If your oral agricultural lease can be fulfilled within one year, then it would generally fall outside of the statute of fraud.
However, if it lasts for longer than a year, most states will need it to be in writing in order for it to be enforceable.
3. Why should I make my agricultural land available for leasing?
There are a few reasons why non-farmer landowners will make their land available to lease.
Here’s why you might consider it.
It is the best use of the property:
If your land has historically been used for agriculture, then you may recognize it as its best use.
Even if you’re not equipped to farm it yourself, that doesn’t mean you can’t come to an agreement with an experienced farmer who is looking to take over additional land.
It makes sense for tax reasons:
Depending on your state, farmland may be taxed differently than other types of land.
If your land is used for active agricultural production, you could see a substantial reduction in your property taxes.
Who doesn’t want that?
It’s your vision for your property:
Perhaps you’ve never been interested in farming before, but you’d love to make this your project now that you have more time on your hands or you’re retired.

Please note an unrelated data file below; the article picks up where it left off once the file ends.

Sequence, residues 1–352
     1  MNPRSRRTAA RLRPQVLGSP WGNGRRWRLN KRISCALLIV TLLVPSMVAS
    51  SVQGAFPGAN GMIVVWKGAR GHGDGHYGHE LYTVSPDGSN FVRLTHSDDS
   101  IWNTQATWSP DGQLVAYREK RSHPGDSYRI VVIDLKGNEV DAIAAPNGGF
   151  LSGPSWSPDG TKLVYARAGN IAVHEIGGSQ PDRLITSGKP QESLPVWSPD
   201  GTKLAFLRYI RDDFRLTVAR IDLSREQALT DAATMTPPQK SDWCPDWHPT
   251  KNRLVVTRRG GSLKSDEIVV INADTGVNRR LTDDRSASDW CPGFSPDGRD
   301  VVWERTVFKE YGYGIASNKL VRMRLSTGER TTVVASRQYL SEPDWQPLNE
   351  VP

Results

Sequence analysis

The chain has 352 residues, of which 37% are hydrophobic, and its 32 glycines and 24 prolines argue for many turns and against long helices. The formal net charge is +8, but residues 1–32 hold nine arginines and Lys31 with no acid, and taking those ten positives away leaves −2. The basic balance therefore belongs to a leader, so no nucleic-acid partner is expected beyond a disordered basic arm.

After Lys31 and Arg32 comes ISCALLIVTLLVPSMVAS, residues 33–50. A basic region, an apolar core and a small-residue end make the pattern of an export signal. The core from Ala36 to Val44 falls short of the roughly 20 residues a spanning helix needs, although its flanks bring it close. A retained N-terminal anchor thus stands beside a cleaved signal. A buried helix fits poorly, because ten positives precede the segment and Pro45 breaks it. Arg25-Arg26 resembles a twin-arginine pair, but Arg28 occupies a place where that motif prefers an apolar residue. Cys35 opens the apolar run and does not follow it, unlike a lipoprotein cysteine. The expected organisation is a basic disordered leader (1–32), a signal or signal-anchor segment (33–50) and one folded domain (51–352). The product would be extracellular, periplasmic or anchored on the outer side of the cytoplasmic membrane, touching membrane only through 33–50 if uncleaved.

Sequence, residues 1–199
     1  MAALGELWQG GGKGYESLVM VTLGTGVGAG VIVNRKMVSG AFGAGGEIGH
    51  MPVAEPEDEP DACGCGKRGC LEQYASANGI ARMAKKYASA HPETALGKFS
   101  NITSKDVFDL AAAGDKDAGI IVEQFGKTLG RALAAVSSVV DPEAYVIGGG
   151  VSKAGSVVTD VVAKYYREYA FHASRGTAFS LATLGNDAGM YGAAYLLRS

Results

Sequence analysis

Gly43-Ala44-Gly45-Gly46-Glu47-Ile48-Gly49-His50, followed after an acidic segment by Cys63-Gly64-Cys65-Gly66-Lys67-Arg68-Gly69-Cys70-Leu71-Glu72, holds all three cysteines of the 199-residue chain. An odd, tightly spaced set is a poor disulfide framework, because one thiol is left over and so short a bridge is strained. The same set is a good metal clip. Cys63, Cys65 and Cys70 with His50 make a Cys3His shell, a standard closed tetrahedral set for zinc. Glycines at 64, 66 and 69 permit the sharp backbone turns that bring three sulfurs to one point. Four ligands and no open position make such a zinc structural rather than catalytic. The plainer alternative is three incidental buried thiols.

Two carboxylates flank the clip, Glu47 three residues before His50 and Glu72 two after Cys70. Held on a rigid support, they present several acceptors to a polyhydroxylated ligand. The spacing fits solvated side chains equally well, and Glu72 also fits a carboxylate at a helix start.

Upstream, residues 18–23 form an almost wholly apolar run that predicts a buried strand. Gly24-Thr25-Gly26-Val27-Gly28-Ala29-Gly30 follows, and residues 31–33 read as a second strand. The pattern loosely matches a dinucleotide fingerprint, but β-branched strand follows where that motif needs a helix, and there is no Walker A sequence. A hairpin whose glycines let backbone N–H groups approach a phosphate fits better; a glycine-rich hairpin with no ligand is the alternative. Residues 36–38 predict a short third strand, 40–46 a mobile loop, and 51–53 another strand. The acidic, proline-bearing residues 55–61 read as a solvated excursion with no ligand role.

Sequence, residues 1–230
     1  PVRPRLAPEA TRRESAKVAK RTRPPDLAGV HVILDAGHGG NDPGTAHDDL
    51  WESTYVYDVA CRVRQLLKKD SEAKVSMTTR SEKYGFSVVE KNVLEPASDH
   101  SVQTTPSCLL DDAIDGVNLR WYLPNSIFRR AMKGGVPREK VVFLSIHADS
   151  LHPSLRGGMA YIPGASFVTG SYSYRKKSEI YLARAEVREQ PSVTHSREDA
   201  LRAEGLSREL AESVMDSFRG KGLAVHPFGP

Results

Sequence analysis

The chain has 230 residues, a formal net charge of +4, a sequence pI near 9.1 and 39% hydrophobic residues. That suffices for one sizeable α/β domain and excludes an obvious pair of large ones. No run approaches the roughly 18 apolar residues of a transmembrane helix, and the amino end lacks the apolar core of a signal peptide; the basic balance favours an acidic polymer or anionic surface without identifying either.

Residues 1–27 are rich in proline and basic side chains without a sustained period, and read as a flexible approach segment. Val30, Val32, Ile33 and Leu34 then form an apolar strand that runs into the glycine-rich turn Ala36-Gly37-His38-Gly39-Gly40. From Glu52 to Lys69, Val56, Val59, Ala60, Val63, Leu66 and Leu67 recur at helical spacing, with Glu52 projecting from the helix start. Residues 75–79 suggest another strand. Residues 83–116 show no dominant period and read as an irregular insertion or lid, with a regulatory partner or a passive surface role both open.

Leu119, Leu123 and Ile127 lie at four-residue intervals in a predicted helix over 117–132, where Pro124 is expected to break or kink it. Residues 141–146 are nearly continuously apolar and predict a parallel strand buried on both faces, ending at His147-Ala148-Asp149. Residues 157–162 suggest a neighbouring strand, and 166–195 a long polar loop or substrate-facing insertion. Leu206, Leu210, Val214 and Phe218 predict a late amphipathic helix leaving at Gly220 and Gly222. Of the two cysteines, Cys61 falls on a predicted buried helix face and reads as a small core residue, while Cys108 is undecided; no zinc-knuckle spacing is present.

You bought the land, but you still don’t know what to do.
Fortunately, you can lease out your land to someone who can help you!
4. What should I consider when leasing agricultural land?
In this section, we’ll break down the considerations into both landowners and farmers.
This is what you should keep in mind as you’re entering into a farm lease.
- What’s your reason for leasing land?
- Do you have a particular interest in seeing the land used for agriculture?
- What type of agriculture do you think is suitable for your farm?
- Do you care what your land is used for, or do you just want it to be farmland tax assessed?
- What is your vision for your property in the short-term and the long-term?
- Do you plan to lease it out for many years?
- Do you have an interest in farming it yourself at some point?
- Is the farm preserved?
- Do you plan on selling the property in the future?
- What do you want the property to look like?
- What types of agriculture fit into that vision?
- How important are land conservation practices to you?
- Do you require tenants (farmers) to have a certain level of income from the land?
- When do you need to receive rental payments?
- Is your main interest in setting up a standard lease with a farmer, or do you want to be further involved with the management of a farm business on your land?